Carlos Bertulani

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Carlos A. Bertulani
Born Vitória, Espirito Santo, Brazil
Residence United States
Nationality Brazil
United States
Alma mater University of Bonn
Known for Electromagnetic processes with relativistic heavy ions, nuclei far from stability
Awards Brazilian National Merit Fellowship (CNPq)
Deutscher Akademischer Austauschdienst Fellow
John Simon Guggenheim Fellow
Fellow of the American Physical Society
Scientific career
Fields Physics
Institutions Federal University of Rio de Janeiro
Michigan State University
Brookhaven National Laboratory
University of Arizona
Oak Ridge National Laboratory
Gesellschaft fuer Schwerionenforshung (GSI)
Texas A&M University-Commerce.

Carlos A. Bertulani is a Brazilian and American theoretical physicist and professor at the Department of Physics of the Texas A&M University-Commerce. He graduated, PhD, at University of Bonn and is working on nuclear physics and nuclear astrophysics.[1] He was formerly a professor at the Federal University of Rio de Janeiro from 1980-2000.[2]


Prof. Bertulani's thesis work on electromagnetic processes in relativistic heavy ion collisions is often taken as the standard reference for gamma-nucleus and gamma-gamma physics in collisions with heavy nuclei. Numerous processes related to lepton-pair (e.g., e+e, or quark-antiquark) production, and to meson production in Peripheral nuclear collisions were first discussed and proposed in his thesis. The excitation of multiple giant resonances (i.e., a giant resonance on top of another) in nuclei was also a prediction of his thesis work. The excitation of multiple dipole resonances were verified in experiments at the Gesellschaft für Schwerionenforschung (GSI), Germany. The Coulomb dissociation Method (CDM) was another product of his earlier work, as a PhD student, in 1986. This method is now used in several nuclear accelerators worldwide to extract information on radiative capture processes in stars, which often cannot be measured directly.

Since 1990, Prof. Bertulani's work is focused on the physics of nuclei far from the stability line, e.g. halo nuclei. But he has contributed to pioneering theoretical articles on the subject, as far back as 1986 on the nature of the 11Li nucleus. On the subject of rare nuclear species, he has co-authored the first theoretical review in 1993 and the first textbook in 2002. Prof. Bertulani has published textbooks on nuclear physics and nuclear astrophysics and edited books of international conferences that he organized. He is often involving in popularizing science, e.g. a feature article on Physics Today, March 1994.

He was a recipient of the John Simon Guggenheim Memorial Foundation fellowship in 2000-2001[3] and of other prestigious awards worldwide.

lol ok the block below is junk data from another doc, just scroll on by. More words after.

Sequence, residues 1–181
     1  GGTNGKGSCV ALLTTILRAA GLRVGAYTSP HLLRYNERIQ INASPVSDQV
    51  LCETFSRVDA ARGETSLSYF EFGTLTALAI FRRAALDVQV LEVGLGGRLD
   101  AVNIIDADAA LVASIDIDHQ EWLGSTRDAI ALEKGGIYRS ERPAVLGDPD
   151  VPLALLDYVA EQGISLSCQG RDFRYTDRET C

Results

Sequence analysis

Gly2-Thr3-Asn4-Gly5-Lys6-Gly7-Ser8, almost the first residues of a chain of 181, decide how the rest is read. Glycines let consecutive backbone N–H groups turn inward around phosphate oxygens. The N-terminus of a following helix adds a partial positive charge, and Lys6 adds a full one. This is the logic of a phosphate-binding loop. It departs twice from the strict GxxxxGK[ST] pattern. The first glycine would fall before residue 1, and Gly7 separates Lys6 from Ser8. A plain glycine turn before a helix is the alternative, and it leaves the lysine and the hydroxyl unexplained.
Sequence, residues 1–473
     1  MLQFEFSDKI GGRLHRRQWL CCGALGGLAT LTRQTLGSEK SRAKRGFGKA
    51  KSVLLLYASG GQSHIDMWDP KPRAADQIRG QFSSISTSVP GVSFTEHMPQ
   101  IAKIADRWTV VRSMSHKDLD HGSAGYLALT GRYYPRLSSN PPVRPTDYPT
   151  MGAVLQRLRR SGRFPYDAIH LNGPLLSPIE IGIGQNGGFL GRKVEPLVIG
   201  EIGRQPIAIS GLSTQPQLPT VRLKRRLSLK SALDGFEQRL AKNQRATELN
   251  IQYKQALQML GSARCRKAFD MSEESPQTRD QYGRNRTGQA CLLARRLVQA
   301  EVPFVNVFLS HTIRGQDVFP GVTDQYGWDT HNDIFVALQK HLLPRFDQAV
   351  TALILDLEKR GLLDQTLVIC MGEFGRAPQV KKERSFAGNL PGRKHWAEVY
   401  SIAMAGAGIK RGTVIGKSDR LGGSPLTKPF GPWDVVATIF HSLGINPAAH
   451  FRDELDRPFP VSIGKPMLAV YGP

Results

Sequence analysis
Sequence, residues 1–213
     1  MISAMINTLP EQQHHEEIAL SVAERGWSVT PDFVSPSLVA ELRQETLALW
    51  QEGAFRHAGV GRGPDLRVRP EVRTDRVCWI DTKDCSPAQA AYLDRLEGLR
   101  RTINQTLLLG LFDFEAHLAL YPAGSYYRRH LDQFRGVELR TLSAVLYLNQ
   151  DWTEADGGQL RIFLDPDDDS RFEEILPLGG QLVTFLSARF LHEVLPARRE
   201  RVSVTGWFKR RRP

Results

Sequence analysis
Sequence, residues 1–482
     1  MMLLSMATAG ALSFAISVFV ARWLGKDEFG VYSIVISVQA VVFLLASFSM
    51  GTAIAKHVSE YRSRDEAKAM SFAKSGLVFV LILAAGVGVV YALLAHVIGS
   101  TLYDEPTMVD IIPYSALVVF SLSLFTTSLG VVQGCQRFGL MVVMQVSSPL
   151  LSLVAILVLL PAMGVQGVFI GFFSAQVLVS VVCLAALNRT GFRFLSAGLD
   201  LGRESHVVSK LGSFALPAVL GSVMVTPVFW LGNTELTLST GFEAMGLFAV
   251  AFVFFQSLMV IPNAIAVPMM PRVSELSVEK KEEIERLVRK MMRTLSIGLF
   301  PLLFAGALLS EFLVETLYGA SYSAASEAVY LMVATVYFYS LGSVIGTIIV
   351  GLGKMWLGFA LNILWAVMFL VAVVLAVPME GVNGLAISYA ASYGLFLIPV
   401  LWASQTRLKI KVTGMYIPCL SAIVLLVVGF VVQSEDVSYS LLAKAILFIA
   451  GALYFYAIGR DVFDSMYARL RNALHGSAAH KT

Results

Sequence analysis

Prof. Bertulani has taught over 55 courses at the undergraduate and graduate level at universities in Brazil, United States and Germany. As of 2012, he was thesis advisor of 4 PhD students, 7 MS students, and mentored numerous undergraduate students. Prof. Bertulani was chair of a PhD program for 3 years, participated and chaired in several committees on education and graduate student fellowships for the CNPq, Coordenadoria de Aperfeiçoamento de Pessoal de Nível Superior, National Science Foundation, and is a member (2012-2015) of the Committee of Education for the American Physical Society.


Carlos' youngest son Daniel Bertulani was a member of the United States Air Force. As a proud USAF Airman 1st Class, Daniel died in September 2012, leaving one of the biggest impacts on the Sheppard and Charleston Air Force Bases. His body rests at the Beaufort National Cemetery in South Carolina. Daniel is survived by his father, mother (Eliete Bertulani) and brother (Henrique Bertulani).

Carlos' older son Henrique Bertulani is an artist and anthropologist (Michigan State University). Henrique's paintings are present in several countries and were exhibited in prestigious galleries and art centers such as the Eisemann Center for Performing Arts.


Scientific publications[edit]



  • Nuclear Physics in a Nutshell, C.A. Bertulani, Princeton Press, NJ, 2007, ISBN 978-0-691-12505-3.
  • Electromagnetic Processes in Relativistic Heavy Ion Collisions, C.A.Bertulani and G.Baur, Phys. Reports 163 (1988) 29.
  • Coulomb Dissociation as a Source of Information on Radioactive Capture Processes of Astrophysical Interest, G.Baur, C.A.Bertulani and H.Rebel, Nucl. Phys. A458 (1986) 188.
  • The Structure and Reactions of Neutron-Rich Nuclei, C.A. Bertulani, L.F. Canto and M.S. Hussein, Physics Reports 226 (1993) 281.
  • Relativistic Heavy Ion Physics without Nuclear Contact, C.A. Bertulani and G. Baur, Physics Today, March 1994, p. 22.
  • Microscopic studies of the double giant resonance, C.A. Bertulani and V. Ponomarev, Phys. Reports 321 (1999) 139.
  • Physics of ultraperipheral relativistic nuclear collisions, C.A. Bertulani, S. Klein and J. Nystrand, Annu. Rev. Nuc. Part. Sci. 55 (2005) 271.
  • Nuclear Astrophysics with Radioactive Beams, C.A. Bertulani and A. Gade, Physics Reports 485, 195 (2010).


  1. ^ "Archived copy". Archived from the original on 2008-12-27. Retrieved 2009-03-05. 
  2. ^ "Archived copy". Archived from the original on 2010-06-27. Retrieved 2010-04-03. 
  3. ^ "Archived copy". Archived from the original on 2011-06-22. Retrieved 2010-04-03. 

External links[edit]